Magauran

(or Mc Govern)
derived from the Irish

Mac Samhrain

meaning son of Samhrain

Like the O’Reillys the Magaurans (or Mc Governs) trace their roots to the Ui Briuin, ancient kings of Connaught. The name originates from Samhrain who was lived in the 1100s. The Magaurans were chiefs of the mountainous territory of Teallach Eochaidh in west Cavan, from the 12th to the 16th century. The first reference to them in the Irish annals occurs on 1231, when Giolla Iosa Magauran, the chief died. Teallach Eochaidh was surrounded by much more powerful neighbours. To the east by the O’Reillys, to the south by the O’Rourkes, to the north by the Maguires, and to the west by the O’Connors.

In 1220 Farrell Magauran was killed by the O’Rourkes. This set a precedent, the most common reason for the family appearing in the annals was when they were killed by some of there more powerful neighbours. Although in 1248 they managed to kill Hugh Maguire. In 1272 Donnachadh Magaurans was killed by his brother Thomas. In the late 1300s Brian, the chief had a bardic (poetry) school at the foot of Cuilceagh. His son Thomas commissioned a scribe to write the Duanaire Mheig Shamhradhain (the book of the Magaurans) which is preserved in the National Library.

In 1431 they were again in conflict with the Maguires when they murdered John Maguire, as a result of this the Maguires invaded Tullyhaw and burned Ballymagauran (a few mile west of Bawnboy) their headquarters. In 1455 the Maguires again burned Ballymagauran. The O’Reillys burned it in 1485. The Maguires invaded Tullyhaw in 1512, but this time the O’Reillys came to their aid and defeated the invaders. In the same year Thomas sough the Maguires help in an internal power struggle.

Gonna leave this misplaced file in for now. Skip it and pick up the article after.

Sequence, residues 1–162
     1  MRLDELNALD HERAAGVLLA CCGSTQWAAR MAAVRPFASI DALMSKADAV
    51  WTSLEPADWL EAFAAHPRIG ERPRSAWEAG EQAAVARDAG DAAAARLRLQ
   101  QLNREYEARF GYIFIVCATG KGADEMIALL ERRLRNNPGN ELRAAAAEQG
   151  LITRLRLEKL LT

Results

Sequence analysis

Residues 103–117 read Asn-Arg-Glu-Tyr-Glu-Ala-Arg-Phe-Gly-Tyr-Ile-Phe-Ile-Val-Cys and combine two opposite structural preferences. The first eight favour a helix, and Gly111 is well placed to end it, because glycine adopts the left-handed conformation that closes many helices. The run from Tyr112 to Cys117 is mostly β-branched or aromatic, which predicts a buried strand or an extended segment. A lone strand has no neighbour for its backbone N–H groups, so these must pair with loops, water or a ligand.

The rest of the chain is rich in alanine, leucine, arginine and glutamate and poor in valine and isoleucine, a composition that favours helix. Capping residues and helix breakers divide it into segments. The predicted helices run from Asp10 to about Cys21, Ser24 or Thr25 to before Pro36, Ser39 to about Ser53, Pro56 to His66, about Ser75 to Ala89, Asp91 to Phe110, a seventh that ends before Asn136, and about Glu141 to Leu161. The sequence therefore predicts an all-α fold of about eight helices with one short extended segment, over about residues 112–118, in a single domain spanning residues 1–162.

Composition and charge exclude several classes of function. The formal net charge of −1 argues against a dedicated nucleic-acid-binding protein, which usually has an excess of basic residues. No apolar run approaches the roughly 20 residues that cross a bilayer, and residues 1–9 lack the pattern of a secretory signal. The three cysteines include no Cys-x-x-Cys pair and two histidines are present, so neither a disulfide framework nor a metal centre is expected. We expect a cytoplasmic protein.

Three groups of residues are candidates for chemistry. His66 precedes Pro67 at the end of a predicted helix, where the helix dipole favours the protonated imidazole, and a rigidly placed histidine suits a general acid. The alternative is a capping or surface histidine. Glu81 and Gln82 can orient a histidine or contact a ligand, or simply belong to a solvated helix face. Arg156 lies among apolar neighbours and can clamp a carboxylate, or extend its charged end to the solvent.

Tullyhaw finally became part of Ulster permanently in 1584 when Sir John Perrot shired Brefnie and created the County of Cavan. The influence of the Magaurans as a ruling family lasted longer than most Gaelic rulers, protected by the mountains and inhabiting an area more suitable for pastoral farming, they continued to elect a chief well into the 1800s. Lewis’s Topographical Dictionary, published in 1837 record that "Tullaghagh, in the mountain district between the counties of Fermanagh and Leitrim, generally known as "the kingdom of Glan," ...... or the country of the Mac Gaurans. To this isolated district there is no public road, and only one difficult pass ...... is densely inhabited by a primitive race of Mac Gaurans and Dolans, who intermarry and observe some peculiar customs ; they elect their own king and queen from the ancient race of the Mac Gaurans, to whom they pay implicit obedience. Tilling the land and attending the cattle constitute their sole occupation ; potatoes and milk, with, sometimes oaten bread, their chief food". This description of life in the Glan, with the exception of the reference to potatoes, could have been written 250 earlier when a lot of Ireland was still ruled by Gaelic chiefs. Over 200 year after the collapse of the Gaelic political system, with the industrial revolution in full flight, the Magaurans were still living the life of Gaelic chiefs in the mountains of Tullyhaw.


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